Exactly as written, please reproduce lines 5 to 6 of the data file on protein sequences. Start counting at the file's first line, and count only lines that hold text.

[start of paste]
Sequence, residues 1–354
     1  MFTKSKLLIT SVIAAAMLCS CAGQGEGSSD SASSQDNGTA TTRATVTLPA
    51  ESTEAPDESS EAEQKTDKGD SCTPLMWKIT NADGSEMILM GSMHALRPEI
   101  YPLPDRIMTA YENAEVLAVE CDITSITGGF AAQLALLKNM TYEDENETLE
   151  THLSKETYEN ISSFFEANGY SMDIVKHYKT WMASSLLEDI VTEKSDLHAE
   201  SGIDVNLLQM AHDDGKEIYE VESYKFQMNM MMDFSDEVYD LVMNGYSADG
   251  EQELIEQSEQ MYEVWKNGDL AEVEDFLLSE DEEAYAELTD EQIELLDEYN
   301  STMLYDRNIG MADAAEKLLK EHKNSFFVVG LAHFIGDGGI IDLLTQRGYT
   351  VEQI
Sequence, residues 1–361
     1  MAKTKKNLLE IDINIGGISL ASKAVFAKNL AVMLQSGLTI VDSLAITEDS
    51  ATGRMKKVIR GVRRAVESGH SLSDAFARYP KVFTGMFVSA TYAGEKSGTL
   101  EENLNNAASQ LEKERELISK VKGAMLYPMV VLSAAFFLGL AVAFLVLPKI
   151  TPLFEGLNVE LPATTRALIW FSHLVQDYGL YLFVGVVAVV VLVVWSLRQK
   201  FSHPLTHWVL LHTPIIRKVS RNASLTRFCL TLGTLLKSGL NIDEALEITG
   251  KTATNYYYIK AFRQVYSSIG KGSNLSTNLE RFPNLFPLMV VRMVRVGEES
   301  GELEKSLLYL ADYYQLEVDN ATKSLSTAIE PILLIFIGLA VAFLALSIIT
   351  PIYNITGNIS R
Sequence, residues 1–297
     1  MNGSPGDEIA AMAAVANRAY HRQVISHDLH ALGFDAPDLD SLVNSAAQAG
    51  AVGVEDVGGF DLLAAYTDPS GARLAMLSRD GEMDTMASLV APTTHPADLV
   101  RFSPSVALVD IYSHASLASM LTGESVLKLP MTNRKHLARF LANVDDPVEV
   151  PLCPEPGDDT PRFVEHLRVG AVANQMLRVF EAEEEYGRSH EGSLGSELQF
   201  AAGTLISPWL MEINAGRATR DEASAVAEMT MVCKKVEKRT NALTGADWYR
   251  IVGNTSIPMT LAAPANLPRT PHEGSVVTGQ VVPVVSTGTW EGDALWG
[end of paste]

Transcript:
   151  THLSKETYEN ISSFFEANGY SMDIVKHYKT WMASSLLEDI VTEKSDLHAE
   201  SGIDVNLLQM AHDDGKEIYE VESYKFQMNM MMDFSDEVYD LVMNGYSADG